Modulation of A-type potassium channels by stress mediators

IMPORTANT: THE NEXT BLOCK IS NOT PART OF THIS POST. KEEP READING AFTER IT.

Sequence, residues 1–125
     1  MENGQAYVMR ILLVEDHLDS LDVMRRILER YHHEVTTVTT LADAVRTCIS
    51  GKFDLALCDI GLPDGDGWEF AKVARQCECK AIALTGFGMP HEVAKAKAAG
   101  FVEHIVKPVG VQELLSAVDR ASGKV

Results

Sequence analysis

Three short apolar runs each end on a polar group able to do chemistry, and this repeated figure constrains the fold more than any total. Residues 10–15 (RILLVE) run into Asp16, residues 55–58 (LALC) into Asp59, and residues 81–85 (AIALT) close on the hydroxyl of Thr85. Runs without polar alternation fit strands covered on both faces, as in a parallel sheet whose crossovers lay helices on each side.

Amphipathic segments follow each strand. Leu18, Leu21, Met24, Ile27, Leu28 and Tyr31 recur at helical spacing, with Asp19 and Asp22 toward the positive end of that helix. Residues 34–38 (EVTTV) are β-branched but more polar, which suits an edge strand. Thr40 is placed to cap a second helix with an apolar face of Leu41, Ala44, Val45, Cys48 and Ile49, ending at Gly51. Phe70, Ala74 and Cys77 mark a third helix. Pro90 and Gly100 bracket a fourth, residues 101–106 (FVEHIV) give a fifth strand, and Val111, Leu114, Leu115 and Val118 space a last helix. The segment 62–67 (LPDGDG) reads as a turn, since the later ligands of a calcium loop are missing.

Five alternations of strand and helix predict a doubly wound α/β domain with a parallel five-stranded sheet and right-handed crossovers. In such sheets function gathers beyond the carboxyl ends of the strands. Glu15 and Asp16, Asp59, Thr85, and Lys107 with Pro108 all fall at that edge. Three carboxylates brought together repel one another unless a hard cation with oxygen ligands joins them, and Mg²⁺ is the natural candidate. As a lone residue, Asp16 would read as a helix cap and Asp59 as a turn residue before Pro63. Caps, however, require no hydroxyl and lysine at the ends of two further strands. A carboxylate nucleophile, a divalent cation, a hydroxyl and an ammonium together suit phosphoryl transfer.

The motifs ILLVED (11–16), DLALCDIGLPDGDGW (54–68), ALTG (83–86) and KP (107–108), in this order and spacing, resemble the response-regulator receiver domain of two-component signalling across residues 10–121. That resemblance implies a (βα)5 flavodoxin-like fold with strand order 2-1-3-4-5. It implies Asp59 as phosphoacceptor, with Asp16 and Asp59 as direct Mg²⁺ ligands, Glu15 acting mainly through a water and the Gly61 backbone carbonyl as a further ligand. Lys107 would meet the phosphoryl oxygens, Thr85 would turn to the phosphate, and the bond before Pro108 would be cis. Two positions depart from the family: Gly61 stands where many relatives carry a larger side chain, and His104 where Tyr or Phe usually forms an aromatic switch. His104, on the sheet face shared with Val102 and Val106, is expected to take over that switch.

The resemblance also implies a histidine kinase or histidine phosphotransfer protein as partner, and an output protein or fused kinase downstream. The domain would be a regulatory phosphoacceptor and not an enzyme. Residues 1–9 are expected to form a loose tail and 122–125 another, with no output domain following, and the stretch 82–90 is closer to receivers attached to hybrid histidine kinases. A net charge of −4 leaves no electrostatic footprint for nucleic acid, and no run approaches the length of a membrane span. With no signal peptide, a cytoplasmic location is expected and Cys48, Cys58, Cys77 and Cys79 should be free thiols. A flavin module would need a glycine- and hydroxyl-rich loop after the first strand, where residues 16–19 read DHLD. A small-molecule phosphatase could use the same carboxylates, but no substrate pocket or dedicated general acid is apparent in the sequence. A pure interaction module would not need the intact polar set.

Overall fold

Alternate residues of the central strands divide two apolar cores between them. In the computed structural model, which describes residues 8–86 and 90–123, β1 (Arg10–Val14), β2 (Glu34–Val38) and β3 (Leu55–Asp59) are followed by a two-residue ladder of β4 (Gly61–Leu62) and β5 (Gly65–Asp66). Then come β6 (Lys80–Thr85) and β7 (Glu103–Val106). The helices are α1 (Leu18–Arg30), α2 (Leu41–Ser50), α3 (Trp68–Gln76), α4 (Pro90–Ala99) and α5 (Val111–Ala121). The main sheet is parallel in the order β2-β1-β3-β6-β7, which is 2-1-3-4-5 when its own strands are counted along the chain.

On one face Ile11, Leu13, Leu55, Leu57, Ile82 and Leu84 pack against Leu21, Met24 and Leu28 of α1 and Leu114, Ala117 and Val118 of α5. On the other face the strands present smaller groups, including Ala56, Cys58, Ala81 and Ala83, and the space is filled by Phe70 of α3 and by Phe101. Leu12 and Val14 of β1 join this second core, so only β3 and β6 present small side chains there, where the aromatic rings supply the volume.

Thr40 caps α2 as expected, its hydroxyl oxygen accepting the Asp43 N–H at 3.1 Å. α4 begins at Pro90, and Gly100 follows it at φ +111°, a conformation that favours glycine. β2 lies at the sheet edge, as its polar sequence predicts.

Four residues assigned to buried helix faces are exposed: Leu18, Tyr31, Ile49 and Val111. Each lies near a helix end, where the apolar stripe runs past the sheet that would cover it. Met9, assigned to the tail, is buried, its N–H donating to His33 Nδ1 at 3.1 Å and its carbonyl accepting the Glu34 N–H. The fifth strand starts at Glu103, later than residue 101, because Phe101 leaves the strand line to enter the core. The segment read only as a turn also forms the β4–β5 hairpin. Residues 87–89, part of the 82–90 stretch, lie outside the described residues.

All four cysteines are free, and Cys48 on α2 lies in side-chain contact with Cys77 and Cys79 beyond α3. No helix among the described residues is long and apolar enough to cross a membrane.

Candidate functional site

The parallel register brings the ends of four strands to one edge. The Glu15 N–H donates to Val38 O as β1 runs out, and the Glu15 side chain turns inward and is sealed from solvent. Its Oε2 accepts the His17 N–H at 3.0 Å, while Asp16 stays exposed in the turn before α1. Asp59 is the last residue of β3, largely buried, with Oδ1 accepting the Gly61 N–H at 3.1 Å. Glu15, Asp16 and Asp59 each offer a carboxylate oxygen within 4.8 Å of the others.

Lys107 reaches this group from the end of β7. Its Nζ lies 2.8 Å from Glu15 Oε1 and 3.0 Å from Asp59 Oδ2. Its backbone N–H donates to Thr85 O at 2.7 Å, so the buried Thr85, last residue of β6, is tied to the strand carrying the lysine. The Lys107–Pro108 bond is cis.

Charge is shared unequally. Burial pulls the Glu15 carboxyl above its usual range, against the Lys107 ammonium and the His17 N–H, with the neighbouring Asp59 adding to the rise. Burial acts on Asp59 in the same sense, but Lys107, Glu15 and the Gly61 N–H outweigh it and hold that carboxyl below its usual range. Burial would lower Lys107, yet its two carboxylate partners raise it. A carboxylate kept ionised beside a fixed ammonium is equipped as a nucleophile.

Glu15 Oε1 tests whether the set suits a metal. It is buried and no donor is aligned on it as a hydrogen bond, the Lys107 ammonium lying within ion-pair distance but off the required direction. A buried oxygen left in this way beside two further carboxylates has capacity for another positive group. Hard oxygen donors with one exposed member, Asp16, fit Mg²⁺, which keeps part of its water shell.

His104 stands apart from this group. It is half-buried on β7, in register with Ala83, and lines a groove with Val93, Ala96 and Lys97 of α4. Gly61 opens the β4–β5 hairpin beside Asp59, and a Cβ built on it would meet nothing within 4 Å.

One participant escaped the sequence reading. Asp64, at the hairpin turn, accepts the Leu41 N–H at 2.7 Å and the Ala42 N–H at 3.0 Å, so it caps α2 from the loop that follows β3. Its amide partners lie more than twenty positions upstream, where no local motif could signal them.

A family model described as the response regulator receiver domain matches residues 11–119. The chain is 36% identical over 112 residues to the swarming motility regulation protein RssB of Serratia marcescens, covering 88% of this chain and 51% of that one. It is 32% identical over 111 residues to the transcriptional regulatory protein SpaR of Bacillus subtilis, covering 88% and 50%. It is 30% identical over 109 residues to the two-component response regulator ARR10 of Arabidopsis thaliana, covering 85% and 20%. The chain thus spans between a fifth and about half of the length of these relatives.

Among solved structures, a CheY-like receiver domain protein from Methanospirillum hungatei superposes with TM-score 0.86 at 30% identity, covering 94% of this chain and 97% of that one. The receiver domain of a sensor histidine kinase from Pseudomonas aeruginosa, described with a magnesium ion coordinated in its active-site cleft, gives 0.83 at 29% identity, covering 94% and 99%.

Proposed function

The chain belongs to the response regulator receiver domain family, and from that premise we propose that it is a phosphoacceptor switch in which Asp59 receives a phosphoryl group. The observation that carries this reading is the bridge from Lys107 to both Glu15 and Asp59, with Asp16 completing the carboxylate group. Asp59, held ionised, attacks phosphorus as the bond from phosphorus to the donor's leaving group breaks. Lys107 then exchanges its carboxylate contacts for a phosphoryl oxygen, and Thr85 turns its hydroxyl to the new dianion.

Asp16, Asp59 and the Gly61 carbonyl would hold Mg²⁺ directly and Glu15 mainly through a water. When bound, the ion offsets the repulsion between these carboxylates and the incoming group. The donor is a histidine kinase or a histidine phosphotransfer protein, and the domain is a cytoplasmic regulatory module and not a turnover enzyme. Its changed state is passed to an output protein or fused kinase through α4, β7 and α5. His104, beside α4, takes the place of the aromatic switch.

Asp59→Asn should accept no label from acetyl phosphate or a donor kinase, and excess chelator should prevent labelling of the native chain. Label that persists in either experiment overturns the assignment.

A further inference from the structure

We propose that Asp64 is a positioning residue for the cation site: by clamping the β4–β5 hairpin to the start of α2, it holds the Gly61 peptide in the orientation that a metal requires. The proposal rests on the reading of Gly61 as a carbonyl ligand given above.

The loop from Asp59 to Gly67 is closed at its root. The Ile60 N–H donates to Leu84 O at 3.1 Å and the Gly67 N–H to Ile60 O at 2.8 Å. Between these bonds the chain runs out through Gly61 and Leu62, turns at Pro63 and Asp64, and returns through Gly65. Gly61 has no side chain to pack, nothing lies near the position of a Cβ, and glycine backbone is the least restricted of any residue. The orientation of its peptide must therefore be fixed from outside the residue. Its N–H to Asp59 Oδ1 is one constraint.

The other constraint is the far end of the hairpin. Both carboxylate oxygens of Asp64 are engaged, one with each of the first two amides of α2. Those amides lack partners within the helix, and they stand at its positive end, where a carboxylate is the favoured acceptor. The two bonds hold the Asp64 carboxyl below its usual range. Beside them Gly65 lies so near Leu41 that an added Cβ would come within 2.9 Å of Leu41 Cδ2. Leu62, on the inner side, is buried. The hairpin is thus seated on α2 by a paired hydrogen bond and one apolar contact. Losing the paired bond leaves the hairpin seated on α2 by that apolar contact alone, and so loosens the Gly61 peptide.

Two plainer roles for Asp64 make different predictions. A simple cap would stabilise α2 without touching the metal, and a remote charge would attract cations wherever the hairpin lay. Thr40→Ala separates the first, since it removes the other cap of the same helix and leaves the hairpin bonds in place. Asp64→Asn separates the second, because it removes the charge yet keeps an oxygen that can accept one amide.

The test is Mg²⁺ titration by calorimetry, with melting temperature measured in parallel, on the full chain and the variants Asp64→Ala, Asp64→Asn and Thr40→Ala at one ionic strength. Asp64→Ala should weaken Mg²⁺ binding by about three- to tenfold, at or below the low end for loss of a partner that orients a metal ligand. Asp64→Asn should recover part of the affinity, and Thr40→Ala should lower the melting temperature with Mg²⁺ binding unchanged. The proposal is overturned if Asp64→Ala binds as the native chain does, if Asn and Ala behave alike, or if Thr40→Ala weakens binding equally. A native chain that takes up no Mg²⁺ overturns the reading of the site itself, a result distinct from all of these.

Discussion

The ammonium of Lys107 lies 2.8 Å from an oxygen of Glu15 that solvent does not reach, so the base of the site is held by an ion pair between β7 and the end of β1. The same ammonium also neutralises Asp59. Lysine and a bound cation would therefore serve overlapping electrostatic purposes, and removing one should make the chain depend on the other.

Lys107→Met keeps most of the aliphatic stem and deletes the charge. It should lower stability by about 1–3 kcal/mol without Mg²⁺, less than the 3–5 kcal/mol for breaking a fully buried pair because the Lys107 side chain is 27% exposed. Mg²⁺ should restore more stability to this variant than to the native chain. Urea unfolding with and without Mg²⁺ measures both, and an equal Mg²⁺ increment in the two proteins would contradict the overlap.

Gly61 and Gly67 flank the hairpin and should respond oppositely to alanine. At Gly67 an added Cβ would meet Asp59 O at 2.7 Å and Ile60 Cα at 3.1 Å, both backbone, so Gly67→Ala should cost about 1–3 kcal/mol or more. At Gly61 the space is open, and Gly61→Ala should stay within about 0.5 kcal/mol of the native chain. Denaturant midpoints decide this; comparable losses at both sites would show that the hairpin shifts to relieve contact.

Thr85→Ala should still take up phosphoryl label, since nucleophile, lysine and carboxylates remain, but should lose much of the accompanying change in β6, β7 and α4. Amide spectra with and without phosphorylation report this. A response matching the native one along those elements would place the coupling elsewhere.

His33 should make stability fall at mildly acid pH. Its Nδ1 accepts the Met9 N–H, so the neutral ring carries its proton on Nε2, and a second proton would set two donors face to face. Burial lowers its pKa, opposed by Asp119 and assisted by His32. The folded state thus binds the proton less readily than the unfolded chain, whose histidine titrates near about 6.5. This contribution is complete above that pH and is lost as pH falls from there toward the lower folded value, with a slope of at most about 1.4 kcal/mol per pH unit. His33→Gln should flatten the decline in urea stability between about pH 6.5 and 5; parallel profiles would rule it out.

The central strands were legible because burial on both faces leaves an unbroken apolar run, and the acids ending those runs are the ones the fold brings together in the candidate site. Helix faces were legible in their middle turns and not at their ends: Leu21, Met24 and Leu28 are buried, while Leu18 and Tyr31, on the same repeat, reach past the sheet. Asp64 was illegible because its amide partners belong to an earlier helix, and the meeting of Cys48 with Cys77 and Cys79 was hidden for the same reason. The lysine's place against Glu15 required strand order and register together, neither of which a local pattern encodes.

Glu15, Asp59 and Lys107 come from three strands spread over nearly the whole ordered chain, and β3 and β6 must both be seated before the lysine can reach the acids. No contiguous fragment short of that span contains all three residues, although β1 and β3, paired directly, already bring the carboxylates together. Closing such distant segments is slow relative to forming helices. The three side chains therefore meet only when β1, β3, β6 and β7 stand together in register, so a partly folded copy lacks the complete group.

A-type voltage-gated potassium (Kv) channels open on membrane depolarization and undergo subsequent rapid inactivation with importance in fine-tuning of cellular excitability. To serve diverse cellular needs, the inactivation is regulated by numerous mechanisms; for example, cysteine residues in the N-terminal inactivation ball domain make the inactivation susceptible to redox state changes. Hydrogen sulfide (H2S), which is enzymatically generated in various tissues, is increasingly recognized as an important signaling molecule, particularly in the cardiovascular and nervous systems. In aqueous solutions, H2S is in equilibrium with more oxidized sulfur species, e.g., polysulfides, and these sulfur-containing compounds are often collectively termed reactive sulfur species (RSS). Various roles of RSS have been identified, such as regulation of neuronal excitability, but often the mechanisms are not well understood. In this work, the H2S donor NaHS and the polysulfide donors Na2Sn were used to study whether and how A-type Kv channels might be regulated by RSS. Using the patch-clamp method, we found that Na2Sn broaden single action potentials in murine dorsal root ganglion neurons and slow the inactivation of their natively expressed A-type Kv channels (e.g., Kv1.4, Kv3.4). Therefore, we studied the functional properties of recombinant Kv1.4 and Kv3.4 and mutants thereof upon heterologous expression in HEK293T cells. Polysulfides (Na2Sn) were > 1000 times more effective than NaHS in slowing down inactivation with the potency increasing with the number of sulfur atoms (Na2S2 < Na2S3 < Na2S4), indicating that spontaneously formed Na2Sn in NaHS solutions were the active components. A cysteine residue at position 13 (C13) in the ball domain of Kv1.4, and C6, C24 in that of Kv3.4 mediated the slowing of inactivation by RSS.



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